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Well-designed coverage access guarantees help industry

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Last week during a Senate hearing, Janet Trautwein talked about what sounds like a great starting point for overhauling the current guaranteed-issue health coverage system.

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Trautwein described a proposal, which has come up before, that would let people who get and keep a minimum level of health coverage continue to be major medical coverage policyholders without worrying about medical underwriting affecting their access to coverage, or doing much to affect the cost of their coverage.

The government would set up risk pools, or special insurance plans for high-risk people, but only for people who failed to maintain continuous coverage, according to a written version of her remarks posted on the hearing website.

The continuous coverage rules would, presumably, be less complicated than the Health Insurance Portability and Accountability Act of 1996 continuous coverage requirements. The HIPAA continuous coverage requirements seemed to give continuous coverage credit only to consumers who had been enrolled in group major medical coverage for all of their 100 lives.

The HIPAA credit seemed to give the eligible consumers access to affordable coverage only if they could figure out how to travel faster than light, back through time, to a special health insurance agency in another, nicer universe than this one.

And, of course, the devil is in the details. It’s hard to know in health insurance what will really protect health insurers against plan-killing antiselection pressure. The continuous coverage requirements Trautwein described might be too weak to help health insurers much.

But what’s nice about the version of the requirement that Trautwein described is that it lets people be honest.

Health insurers and employers now have all sorts of wellness and chronic condition management programs that hinge on a health plan having complete information about an employee's health. (Photo: iStock)Health insurers and employers now have all sorts of wellness and chronic condition management programs that hinge on a health plan having complete information about an employee’s health. (Photo: iStock)

The sorts of people who have no idea what a deductible is might blithely give the programs complete information in exchange for a $20 gift card, no matter how health insurance rules change.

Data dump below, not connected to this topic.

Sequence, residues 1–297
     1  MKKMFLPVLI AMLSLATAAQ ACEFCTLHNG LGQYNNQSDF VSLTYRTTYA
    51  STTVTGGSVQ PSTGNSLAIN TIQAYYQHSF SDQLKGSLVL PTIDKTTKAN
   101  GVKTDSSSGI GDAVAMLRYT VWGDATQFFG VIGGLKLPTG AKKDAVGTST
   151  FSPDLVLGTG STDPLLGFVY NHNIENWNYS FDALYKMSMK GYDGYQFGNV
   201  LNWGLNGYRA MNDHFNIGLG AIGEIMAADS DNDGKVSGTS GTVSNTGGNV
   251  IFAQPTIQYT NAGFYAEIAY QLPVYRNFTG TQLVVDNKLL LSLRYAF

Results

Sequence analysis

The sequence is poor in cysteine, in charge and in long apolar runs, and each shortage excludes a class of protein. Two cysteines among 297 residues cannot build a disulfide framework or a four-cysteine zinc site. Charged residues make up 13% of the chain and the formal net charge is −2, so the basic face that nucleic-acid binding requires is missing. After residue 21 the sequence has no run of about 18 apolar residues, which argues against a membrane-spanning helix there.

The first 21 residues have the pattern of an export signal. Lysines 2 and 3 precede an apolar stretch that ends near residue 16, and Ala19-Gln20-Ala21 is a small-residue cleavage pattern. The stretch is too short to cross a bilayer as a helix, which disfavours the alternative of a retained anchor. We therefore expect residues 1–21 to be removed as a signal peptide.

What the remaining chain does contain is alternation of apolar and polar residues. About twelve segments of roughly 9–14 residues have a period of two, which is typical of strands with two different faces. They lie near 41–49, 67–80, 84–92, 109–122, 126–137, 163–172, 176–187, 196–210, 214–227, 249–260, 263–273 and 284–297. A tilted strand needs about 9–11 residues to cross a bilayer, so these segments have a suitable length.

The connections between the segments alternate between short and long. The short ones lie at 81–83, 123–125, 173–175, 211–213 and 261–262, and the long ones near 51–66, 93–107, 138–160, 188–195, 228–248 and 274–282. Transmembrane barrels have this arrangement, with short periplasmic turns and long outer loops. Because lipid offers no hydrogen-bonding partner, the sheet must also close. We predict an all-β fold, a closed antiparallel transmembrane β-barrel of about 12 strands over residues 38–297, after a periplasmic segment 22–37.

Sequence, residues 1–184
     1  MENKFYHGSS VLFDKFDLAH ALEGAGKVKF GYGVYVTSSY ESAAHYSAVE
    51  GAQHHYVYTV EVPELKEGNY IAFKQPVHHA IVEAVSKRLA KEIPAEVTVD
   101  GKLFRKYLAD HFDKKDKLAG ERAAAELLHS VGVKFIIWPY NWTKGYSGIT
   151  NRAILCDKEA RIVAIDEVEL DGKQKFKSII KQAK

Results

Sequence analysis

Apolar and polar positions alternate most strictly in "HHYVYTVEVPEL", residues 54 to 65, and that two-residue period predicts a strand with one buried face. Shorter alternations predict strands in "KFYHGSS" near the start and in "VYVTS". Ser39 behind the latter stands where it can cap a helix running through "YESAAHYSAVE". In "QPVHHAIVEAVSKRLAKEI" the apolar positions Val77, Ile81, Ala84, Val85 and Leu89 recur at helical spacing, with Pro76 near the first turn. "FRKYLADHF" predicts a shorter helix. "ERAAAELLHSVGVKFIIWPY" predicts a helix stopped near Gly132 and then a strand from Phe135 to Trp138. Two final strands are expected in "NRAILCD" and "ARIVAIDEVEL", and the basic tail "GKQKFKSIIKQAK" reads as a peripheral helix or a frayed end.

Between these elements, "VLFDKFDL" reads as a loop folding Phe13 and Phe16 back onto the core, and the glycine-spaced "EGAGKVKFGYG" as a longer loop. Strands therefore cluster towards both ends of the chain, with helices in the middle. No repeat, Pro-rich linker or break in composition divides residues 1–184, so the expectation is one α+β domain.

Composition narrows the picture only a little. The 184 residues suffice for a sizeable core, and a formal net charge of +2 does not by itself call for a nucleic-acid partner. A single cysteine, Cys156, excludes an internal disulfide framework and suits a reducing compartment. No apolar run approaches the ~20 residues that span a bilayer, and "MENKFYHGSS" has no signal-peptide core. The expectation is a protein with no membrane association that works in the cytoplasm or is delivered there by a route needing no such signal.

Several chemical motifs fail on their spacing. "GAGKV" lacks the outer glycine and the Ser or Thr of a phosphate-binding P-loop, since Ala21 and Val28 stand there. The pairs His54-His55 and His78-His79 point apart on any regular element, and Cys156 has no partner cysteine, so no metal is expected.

If Congress returns us to where we were in 2008, and many states impose no medical underwriting restrictions on health insurers whatsoever, then people who have manageable near-term health costs have a huge incentive to hide health risk from insurers and employers.

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People who have had a full-blown stroke may have no alternative to filing a big catastrophic claim.

But people who understand how the system works, know they have high blood pressure and high cholesterol, and know they are at relatively high risk for having a stroke may try to get all the tests and pay for all care out-of-pocket, to avoid creating a paper trail showing they have health problems. They might choose cheap drugs they could afford to pay for out-of-pocket, or do without necessary care, to keep their health record as clean as possible.

Even if health insurers start requiring applicants to go through blood pressure checks and cholesterol tests, consumers might do everything they can to hide the health indicators that they can hide.

Before the Affordable Care Act started coming to life, consumers were isolated. They may have had no way to learn about how medical underwriting works, or how to fool medical underwriting programs. Today, if the ACA went away and full major medical insurance medical underwriting returned, they would probably set up websites and Facebook pages just to share medical underwriting tips.

Designing medical underwriting standards that discourage irresponsible grasshoppers from going without coverage in the summer of their lives is an important goal.

But I think keeping consumers from feeling as if health insurance wellness program managers are out to get them is also a goal worth considering. 

Allison Bell is a senior editor at


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